There's something intriguing about Speech Debelle, with a voice both husky and sweet, and a back story that's emotive if unclear (she spent time living in south London hostels as a teen after a split with her family, perhaps over her refusal to get a job). What's more, the music on her debut, craftily produced in the main by Wayne Lotek, is acoustic, jazz-inspired and, on songs like Spinning, quite beautiful; not something that can be said too often about debut UK hip-hop albums. Consider Debelle's couplets for too long, however, and they can start to seem platitudinous: "Things must get better/Because after every storm comes good weather" on Live and Learn is a typical example. Musically, too, some of the weaker numbers (Go Then, Bye; Buddy Love) can pall, sounding as if they were composed over the course of a relaxing afternoon in the lobby of a boutique hotel.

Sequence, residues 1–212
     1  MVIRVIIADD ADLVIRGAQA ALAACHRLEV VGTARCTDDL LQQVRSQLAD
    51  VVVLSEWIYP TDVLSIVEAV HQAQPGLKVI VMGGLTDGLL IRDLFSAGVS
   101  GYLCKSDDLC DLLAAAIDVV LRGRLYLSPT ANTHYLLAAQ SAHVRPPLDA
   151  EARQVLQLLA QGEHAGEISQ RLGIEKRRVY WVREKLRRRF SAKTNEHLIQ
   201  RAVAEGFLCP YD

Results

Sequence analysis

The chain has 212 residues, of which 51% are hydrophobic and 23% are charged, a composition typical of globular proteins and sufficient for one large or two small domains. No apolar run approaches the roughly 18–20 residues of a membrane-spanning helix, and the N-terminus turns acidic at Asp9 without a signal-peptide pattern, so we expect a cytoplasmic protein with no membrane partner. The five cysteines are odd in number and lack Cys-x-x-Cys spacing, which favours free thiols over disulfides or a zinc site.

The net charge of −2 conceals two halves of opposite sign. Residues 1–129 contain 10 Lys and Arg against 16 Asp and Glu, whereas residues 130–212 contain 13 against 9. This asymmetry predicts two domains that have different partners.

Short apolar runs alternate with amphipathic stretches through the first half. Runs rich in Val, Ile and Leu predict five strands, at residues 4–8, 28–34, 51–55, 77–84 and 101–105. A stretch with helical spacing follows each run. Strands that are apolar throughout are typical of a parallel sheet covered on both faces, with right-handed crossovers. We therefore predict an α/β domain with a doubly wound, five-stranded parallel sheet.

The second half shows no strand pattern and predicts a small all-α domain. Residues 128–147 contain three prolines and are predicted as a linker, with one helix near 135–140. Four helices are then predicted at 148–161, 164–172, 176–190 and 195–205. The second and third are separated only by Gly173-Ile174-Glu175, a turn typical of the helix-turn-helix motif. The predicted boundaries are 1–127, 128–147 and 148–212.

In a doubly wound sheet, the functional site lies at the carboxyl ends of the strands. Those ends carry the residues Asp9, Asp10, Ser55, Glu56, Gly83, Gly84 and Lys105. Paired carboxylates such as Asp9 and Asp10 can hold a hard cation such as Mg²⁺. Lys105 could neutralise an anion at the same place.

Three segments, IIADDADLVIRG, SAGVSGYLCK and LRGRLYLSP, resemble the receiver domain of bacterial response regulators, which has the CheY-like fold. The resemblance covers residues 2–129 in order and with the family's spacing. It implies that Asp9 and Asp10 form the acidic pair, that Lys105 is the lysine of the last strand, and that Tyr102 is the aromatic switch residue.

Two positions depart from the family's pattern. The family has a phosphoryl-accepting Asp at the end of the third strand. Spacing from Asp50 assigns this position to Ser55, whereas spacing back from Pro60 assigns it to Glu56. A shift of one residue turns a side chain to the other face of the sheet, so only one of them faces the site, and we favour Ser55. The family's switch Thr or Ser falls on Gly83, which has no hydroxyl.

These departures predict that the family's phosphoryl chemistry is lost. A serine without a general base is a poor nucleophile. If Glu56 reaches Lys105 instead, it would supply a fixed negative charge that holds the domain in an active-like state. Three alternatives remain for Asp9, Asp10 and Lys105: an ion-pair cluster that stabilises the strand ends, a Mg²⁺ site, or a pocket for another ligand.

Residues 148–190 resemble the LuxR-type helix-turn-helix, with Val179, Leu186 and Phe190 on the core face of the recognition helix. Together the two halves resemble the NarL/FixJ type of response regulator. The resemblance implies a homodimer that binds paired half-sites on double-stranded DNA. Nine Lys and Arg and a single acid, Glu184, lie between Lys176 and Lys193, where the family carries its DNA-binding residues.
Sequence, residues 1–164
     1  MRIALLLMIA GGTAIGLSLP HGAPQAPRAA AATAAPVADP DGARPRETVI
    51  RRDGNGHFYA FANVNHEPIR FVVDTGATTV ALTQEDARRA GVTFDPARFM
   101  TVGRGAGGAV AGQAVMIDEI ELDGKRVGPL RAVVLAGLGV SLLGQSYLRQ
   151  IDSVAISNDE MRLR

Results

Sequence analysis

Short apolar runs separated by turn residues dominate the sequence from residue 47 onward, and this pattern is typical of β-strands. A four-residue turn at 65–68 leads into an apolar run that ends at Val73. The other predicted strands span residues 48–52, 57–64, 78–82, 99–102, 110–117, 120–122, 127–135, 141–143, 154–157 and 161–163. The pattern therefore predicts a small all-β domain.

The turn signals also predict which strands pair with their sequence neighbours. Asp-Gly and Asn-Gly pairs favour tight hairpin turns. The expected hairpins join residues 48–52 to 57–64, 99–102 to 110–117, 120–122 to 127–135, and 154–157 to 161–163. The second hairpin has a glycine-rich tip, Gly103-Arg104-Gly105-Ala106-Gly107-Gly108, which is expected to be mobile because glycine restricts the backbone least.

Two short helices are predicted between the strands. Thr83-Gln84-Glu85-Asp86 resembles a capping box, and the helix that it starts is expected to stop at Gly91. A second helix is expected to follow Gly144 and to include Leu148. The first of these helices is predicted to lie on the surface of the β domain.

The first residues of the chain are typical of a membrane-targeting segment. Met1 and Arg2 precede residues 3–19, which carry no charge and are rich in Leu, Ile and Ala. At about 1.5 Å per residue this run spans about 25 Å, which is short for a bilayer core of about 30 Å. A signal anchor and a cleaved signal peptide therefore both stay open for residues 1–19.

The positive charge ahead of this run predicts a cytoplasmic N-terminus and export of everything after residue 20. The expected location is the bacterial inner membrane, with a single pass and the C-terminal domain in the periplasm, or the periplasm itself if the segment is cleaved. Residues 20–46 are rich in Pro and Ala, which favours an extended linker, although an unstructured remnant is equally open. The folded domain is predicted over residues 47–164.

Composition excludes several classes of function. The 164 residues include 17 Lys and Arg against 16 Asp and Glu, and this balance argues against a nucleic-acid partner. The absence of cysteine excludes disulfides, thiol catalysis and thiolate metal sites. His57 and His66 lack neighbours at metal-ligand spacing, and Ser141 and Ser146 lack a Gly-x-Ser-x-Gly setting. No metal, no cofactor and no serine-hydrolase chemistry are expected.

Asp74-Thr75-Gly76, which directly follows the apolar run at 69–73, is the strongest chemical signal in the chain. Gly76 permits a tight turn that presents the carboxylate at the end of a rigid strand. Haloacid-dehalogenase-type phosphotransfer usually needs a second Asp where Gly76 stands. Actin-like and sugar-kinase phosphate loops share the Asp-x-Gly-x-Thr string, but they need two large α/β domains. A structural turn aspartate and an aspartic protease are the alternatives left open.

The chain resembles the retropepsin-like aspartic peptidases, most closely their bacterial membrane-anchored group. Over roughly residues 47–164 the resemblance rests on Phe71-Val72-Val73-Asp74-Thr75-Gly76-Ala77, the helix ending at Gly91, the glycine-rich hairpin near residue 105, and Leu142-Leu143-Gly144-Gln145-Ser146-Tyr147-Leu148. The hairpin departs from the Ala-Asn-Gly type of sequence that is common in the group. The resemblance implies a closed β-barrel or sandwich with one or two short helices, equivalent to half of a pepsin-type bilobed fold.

Pop review :Speech Debelle: Speech Therapy
Paul MacInnes is a reporter for the Guardian